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Soon to be Egg owner questions

JerkChickenJerkChicken Posts: 551
edited October 2011 in Root

I will be attending the first annual Eggstravaganza in Orlando, next month. I've never been to an eggfest, and I've never even seen a BGE in person or tried one. I've wanted one for a while now, seeing how fanatical you guys are and all the great things I hear. So I went ahead and pre-ordered a Large Demo Egg and I am so excited. I have a few questions:

Is it possible to effectively achieve a 2-zone fire on a Large BGE? Currently I have a Weber Kettle Gold and for many things I cook, I like to sear the meat over the flaming hot side, and then move it over to gently finish cooking on the other side. I will be getting the platesetter but it seems like it would be a pain to get at it with a grid full of meat. What do you guys do?

Also, I hear many people saying how great the egg is for baking and such, and someone said that apple pies, cobblers etc. come out well. My wife brought up a great question; Wouldn't it taste smokey? I wouldn't add smoking chips, but does the inherent smoke flavor of the lump coal have an effect on desserts? 

Finally, what would you guys recommend as must-have accessories? I am already getting the nest (sans mates), the platesetter, and the ash tool. I will definitely be getting the pizza stone. I am contemplating the extender for more grid space.


LBGE, Weber OTG w/ Rotisserie, Weber Genesis S-330, Chargriller Duo, AR-15, AK-47


  • Hillbilly-HightechHillbilly-Hightech Posts: 966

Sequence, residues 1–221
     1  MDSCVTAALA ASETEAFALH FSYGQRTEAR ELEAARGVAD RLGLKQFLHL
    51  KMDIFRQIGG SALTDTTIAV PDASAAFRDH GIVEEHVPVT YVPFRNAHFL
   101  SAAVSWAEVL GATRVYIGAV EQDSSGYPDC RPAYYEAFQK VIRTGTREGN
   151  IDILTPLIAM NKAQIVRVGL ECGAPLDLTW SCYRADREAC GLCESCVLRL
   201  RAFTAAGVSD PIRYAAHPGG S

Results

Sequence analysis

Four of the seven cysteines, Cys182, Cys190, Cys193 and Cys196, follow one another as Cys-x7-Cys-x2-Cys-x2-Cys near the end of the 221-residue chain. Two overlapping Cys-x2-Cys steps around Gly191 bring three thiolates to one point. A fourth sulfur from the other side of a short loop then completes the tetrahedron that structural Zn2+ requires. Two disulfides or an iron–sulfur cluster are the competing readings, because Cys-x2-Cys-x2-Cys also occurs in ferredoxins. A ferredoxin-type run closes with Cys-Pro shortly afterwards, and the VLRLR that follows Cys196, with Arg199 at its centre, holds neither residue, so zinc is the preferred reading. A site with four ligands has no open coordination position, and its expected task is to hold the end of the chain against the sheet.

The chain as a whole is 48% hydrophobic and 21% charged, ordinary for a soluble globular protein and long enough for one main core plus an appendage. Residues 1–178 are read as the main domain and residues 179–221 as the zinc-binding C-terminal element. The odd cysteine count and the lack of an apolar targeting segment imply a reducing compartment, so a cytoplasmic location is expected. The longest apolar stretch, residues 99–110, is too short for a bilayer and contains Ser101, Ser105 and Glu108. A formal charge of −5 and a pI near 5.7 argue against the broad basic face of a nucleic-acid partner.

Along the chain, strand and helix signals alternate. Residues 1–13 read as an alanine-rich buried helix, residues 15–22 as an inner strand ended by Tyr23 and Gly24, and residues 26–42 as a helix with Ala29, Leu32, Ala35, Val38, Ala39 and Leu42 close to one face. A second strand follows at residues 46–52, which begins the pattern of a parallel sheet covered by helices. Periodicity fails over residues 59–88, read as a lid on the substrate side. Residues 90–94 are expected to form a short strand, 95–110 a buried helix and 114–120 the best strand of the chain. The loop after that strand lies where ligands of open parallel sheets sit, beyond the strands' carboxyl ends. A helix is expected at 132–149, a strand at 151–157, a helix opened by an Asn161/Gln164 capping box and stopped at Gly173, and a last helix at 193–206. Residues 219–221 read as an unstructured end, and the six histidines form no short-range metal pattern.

edited October 2011
    First off - congrats on getting an Egg - your life is about to change!!

    Now, as for your questions:

    I am sure you can achieve a "2-zone" fire if you really worked at it - perhaps got a separator that kept the lump to one side, or something like that. However, might I suggest that you don't "need" a 2-zone fire w/ the Egg - it's a different way of looking @ cooking.

    For instance, I know many ppl who get the Egg up to blazing temps to sear. However, I stumbled upon a technique that I learned from someone else that I have used ever since. Since you have a Large Egg, you can get a 13" grate (I bought mine from a hardware store). Then, you can place the grate directly over the coals. Since obviously the fire is hottest @ the coals, you can sear your steaks there without getting the ENTIRE Egg up to blazing temps. I usually sear 60-90 seconds per side, depending on thickness. I can sear w/in 10 minutes of the Egg being lit, especially if you throw the small grate onto the coals as soon as you know you have a good fire (that way the mass of the metal grate has time to heat up).

    Then, after the searing is done, you can remove the smaller grate (with tongs or high heat gloves, obviously), and put your Large grate onto the fire ring as you would normally have it, and then start getting your Egg to your desired temp (which won't be hard cuz you've already got a good fire going).